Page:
Despite complaints to the contrary, the United Nations is addressing the increasingly bloody crisis in Libya, but in its own measured way.
Yesterday, the Security Council, the UN's most powerful body, was meeting in New York to consider sanctions against the Gaddafi regime, while in Geneva, the UN Human Rights Council called on the body's General Assembly to consider an unprecedented move to suspend a member country.
But anyone who expects the world body to intervene speedily to end the civil war in the North African country will be disappointed. That is not how the UN works.
As one previous global emergency after another has shown, the UN is no more than the sum of its parts, in other words of its most powerful member countries, most notably the five permanent members of the Security Council, who have veto powers. Few would regard South Korea's Ban ki-Moon as a particularly imposing figure, despite his condemnation of the situation in Libya as "totally unacceptable". But he is only the latest in a line of UN secretary-generals to be criticised for an inadequate response to a crisis generating international outrage.
In Geneva, the language of Navi Pillay, the UN's High Commissioner for Human Rights was even harsher. The world, he warned, had to "step in vigorously" to end at once the Gaddafi regime's savage crackdown on anti-government protesters, in which thousands may have been killed and wounded.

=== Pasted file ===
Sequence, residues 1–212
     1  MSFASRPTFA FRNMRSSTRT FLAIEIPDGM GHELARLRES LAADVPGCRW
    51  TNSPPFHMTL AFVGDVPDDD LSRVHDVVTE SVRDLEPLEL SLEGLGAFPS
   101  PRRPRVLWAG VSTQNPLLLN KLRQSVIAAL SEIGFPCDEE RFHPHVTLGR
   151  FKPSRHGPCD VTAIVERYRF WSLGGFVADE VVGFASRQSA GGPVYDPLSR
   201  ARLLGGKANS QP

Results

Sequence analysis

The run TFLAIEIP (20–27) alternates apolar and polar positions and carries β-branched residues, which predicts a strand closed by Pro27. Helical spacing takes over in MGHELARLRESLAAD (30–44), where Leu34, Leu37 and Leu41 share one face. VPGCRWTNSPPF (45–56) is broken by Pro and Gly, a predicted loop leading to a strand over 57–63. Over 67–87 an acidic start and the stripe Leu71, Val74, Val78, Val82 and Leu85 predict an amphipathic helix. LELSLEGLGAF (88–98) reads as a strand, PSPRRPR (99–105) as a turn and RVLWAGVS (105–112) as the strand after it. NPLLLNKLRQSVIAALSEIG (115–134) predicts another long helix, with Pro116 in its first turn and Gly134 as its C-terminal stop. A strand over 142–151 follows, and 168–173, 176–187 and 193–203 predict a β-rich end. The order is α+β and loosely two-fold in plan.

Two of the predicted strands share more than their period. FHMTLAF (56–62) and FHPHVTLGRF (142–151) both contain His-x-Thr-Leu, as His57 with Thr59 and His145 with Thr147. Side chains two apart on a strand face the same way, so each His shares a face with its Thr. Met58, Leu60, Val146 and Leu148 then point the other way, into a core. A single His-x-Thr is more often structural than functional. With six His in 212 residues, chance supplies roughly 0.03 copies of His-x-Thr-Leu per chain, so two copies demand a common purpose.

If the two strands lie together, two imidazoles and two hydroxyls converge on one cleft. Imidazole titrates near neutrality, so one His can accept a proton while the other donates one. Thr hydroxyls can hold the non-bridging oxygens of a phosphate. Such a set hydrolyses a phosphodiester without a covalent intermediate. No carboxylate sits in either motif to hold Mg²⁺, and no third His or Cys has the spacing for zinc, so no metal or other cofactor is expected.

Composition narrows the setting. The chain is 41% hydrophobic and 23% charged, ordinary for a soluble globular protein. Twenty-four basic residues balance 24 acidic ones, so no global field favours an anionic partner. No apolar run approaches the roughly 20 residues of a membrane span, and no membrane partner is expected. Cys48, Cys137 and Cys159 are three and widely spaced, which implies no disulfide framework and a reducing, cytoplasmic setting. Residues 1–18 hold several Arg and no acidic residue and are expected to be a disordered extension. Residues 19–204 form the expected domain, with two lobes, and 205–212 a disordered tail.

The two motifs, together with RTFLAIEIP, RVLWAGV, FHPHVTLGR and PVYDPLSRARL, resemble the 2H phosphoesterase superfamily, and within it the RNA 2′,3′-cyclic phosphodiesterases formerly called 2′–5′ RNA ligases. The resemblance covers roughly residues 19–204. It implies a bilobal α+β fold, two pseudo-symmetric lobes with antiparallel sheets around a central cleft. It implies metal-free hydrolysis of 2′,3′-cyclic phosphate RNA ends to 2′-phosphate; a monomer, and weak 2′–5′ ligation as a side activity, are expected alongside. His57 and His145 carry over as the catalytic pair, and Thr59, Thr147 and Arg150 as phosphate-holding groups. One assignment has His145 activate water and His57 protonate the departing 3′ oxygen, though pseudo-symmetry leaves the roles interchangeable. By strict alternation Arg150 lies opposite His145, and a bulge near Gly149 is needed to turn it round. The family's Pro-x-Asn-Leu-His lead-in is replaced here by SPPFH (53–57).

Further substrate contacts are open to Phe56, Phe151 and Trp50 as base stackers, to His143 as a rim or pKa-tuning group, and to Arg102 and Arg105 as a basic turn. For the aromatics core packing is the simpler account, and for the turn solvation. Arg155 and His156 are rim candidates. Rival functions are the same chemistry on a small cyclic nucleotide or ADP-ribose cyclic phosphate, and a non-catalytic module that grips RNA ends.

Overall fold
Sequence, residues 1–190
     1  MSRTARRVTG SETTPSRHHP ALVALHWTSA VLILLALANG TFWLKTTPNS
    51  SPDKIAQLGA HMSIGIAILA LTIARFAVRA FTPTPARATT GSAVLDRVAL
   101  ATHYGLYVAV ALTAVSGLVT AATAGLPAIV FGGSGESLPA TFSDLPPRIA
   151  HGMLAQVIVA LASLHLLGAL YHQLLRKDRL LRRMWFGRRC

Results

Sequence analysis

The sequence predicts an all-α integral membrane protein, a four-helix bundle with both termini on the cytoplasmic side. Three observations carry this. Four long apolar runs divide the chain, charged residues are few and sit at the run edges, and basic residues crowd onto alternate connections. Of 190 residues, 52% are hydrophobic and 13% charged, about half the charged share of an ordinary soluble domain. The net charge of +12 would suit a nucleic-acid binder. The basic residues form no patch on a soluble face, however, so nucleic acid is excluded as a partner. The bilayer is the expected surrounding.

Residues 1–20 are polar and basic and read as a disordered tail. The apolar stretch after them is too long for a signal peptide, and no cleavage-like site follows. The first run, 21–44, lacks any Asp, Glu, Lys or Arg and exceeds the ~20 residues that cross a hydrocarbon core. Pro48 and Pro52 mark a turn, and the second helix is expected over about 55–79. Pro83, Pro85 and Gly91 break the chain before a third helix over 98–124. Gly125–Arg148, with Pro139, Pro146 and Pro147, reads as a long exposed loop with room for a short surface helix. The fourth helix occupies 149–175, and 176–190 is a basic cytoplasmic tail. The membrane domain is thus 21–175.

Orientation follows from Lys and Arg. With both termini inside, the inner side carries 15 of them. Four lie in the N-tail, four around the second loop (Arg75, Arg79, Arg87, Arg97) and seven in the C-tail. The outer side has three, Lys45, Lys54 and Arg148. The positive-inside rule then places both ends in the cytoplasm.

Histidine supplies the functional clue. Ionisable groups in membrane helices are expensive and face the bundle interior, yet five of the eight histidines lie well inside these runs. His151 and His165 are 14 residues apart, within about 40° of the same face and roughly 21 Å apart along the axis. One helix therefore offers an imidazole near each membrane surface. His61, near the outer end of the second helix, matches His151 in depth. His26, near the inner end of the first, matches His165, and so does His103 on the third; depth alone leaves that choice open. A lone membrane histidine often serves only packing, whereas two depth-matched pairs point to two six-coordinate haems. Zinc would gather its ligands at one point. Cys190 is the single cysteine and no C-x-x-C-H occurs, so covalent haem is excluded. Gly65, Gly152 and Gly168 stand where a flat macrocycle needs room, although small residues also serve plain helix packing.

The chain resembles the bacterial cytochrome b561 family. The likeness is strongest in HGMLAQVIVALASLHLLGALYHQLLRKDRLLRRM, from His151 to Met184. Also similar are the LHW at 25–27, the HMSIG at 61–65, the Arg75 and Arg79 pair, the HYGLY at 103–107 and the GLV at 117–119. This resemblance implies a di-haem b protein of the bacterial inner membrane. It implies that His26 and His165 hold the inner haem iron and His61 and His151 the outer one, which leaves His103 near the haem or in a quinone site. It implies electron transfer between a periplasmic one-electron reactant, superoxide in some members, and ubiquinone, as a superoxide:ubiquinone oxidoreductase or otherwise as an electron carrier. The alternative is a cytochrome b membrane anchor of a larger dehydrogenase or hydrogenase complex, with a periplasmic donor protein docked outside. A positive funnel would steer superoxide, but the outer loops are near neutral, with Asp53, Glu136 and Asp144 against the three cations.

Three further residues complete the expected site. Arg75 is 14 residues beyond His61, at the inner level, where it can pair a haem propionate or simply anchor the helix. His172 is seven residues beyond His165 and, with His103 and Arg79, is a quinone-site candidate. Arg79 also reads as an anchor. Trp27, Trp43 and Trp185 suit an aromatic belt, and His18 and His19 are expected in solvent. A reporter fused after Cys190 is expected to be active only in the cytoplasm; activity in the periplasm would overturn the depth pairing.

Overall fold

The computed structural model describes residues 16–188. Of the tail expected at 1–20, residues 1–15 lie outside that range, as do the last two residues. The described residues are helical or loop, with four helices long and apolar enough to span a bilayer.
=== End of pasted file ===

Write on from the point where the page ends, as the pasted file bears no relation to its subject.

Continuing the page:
But, despite the world-wide clamour, there was no guarantee the motion to temporarily expel Libya from the 47-nation group would succeed. China and Nigeria, for example, spoke out against the violence, but opposed calls for Tripoli to be ejected. As for the sanctions debate in New York, any decision is unlikely before Monday.
If the past is any guide, the resolution that does emerge will have been watered down to secure the widest possible support and avoid any veto – especially from China, which is particularly wary of intervening in the internal affairs of other countries, not least because of its fear it might one day be similarly called to account. Russia, another veto-wielding power, has often shown similar reservations. For this reason, there is no prospect of the UN Security Council ordering military action against Gaddafi – a step it has taken only twice in its history.
The first was in 1950 over Korea, at a moment when the Soviet Union was boycotting the UN and so did not use its veto, and when China was officially represented on the Council by the government of Chiang Kai-shek in Taiwan.
In late 1990, the Security Council again authorised the use of force, this time to evict the Iraqi army from Kuwait, after Saddam Hussein had violated the guarantee of the territorial integrity and independence of member states contained in the UN charter. But try as the US and Britain did, they never secured specific Security Council authorisation for the 2003 invasion.
In reality, any decision to bring outside force to bear on the Libyan crisis would come from Nato. Nato conducted the air campaign against Slobodan Milosevic over Kosovo in 1999, an operation not sanctioned by the UN. Similarly it is Nato (or its leading members) which might impose a no-fly zone in Libya akin to those in Iraq before 2003. If the UN were to send forces to the North African country, it would only be in a humanitarian role, as in several other hotspots in Africa and the Middle East. But that would depend on future events in Libya.Reuse content